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作者 Cho, Jun-Hyeong
書名 Acid-sensing ion channels: Regulation and physiologic function
國際標準書號 9780549445050
book jacket
說明 182 p
附註 Source: Dissertation Abstracts International, Volume: 69-01, Section: B, page: 0152
Adviser: Candice Askwith
Thesis (Ph.D.)--The Ohio State University, 2008
Acid-sensing ion channels (ASICs) are proton (H+)-gated ion channels that produce transient cation currents in response to extracellular acid. ASICs are expressed widely in the brain, and contribute to learning, memory, and fear-related behaviors. Inappropriate activation of ASICs during prolonged acidosis also induces neuronal damage during brain ischemia. However, little is known about how ASICs contribute to neuronal function or how ASICs are regulated by endogenous modulators
For my thesis, I began by investigating the role of sulfhydryl compounds on ASIC activity. I determined that glutathione, of which concentration increases in ischemic brains, potentiated ASIC1a-mediated H+-gated currents by increasing apparent proton sensitivity and slowing channel desensitization. This potentiation of ASIC1a is due to the relief of tonic inhibition by transition metal ions, and the reduction of redox-sensitive residues. These results suggest that endogenous sulfhydryl compounds such as glutathione potentiate ASICs in neurons, and may exacerbate acidotoxic neuronal death during ischemia
ASIC1 knockout mice display defects in learning and memory, suggesting a role of ASICs in synaptic function. I investigated how ASICs contribute to synaptic transmission by comparing synaptic responses between wild-type and ASIC knockout hippocampal neurons in microisland culture. I determined that neurons from ASIC1 knockout mice have an increased probability of neurotransmitter release and altered short-term plasticity. Further, transfection of ASIC1a into ASIC1 knockout neurons restored release probability. These results suggest that ASIC1a regulates basal synaptic transmission and short-term plasticity by modulating neurotransmitter release at glutamatergic synapses, and that ASIC1a contributes to normal learning and memory through its presynaptic function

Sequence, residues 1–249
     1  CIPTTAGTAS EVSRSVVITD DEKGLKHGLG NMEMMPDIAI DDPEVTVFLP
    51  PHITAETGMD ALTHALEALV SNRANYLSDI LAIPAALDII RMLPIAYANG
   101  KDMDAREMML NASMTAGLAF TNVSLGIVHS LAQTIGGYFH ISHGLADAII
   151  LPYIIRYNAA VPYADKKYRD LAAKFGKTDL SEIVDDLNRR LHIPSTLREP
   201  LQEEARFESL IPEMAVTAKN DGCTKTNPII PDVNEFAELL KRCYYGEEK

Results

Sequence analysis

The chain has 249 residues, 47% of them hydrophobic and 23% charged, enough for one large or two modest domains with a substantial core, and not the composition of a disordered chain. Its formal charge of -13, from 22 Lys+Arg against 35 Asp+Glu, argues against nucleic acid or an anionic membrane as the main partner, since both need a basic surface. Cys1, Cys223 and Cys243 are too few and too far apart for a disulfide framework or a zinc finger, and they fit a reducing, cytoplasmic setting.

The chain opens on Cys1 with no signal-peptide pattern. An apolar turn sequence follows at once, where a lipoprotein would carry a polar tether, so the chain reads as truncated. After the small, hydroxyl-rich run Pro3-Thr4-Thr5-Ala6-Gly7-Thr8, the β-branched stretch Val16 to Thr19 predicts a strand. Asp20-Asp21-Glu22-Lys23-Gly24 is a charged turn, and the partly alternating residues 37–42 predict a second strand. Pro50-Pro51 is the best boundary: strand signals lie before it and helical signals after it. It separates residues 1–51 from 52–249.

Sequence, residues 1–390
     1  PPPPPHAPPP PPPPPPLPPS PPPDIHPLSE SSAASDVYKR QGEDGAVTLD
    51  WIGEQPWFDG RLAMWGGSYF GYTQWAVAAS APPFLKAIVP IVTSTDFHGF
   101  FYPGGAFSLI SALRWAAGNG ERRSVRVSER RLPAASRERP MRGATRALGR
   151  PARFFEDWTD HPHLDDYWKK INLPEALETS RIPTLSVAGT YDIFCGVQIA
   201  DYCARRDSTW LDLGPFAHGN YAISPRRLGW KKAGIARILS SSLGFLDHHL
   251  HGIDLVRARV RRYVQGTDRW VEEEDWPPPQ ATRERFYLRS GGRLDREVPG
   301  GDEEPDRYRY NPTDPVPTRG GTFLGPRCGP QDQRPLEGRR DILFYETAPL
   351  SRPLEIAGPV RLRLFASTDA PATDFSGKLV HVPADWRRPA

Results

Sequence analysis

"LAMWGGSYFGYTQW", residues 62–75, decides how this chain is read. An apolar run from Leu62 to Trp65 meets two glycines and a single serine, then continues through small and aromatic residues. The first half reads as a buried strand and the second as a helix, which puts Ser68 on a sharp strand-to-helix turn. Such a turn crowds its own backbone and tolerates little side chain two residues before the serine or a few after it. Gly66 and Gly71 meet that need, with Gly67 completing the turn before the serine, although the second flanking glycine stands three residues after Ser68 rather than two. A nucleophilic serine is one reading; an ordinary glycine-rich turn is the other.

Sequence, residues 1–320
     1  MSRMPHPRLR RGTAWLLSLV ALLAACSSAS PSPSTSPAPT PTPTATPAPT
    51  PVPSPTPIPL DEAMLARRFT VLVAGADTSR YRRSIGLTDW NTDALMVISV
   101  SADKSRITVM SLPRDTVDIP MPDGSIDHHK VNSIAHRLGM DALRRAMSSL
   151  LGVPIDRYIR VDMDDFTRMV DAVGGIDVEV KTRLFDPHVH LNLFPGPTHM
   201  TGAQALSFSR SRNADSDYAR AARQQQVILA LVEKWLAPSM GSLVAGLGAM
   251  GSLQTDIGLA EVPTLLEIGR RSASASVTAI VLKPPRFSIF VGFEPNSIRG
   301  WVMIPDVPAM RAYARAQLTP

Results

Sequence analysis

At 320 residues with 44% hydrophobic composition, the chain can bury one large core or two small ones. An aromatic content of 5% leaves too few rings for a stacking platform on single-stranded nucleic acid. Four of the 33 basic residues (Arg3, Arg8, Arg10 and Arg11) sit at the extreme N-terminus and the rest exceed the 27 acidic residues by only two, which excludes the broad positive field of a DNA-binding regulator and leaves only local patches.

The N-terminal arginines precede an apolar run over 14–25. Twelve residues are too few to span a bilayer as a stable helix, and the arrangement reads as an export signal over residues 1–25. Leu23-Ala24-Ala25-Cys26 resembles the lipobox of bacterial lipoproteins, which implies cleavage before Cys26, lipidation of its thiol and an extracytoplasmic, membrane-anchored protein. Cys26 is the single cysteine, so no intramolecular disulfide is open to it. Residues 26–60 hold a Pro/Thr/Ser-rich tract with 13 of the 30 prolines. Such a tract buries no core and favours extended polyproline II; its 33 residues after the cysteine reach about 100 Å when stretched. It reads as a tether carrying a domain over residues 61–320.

I also investigated the physiologic role of ASICs in the cerebellum. Both ASIC1 and ASIC2 are expressed in the cerebellum including Purkinje cells, which have intrinsic firing property required for normal cerebellar function. Neither ASIC1 knockout nor ASIC2 knockout mice showed any difference in tonic firing of Purkinje cell in acute cerebellar slices compared to wild-type mice. However, the tonic firing rate of Purkinje cells was increased significantly in ASIC1/ASIC2 double knockout mice. These results suggest that both ASIC1 and ASIC2 can contribute to normal cerebellar function by regulating Purkinje cell firing independently
Together, these studies describe, for the first time, how ASICs are regulated by glutathione, one of the ischemia-related signals, and how ASICs regulate the glutamatergic synaptic transmission of hippocampal neurons and the tonic firing of cerebellar Purkinje cells. These results discussed herein provide significant insights on the pathologic mechanism of ischemic neuronal death, and the physiologic roles of ASICs in synaptic function and neuronal excitability
School code: 0168
DDC
Host Item Dissertation Abstracts International 69-01B
主題 Biology, Neuroscience
Biology, Physiology
0317
0719
Alt Author The Ohio State University
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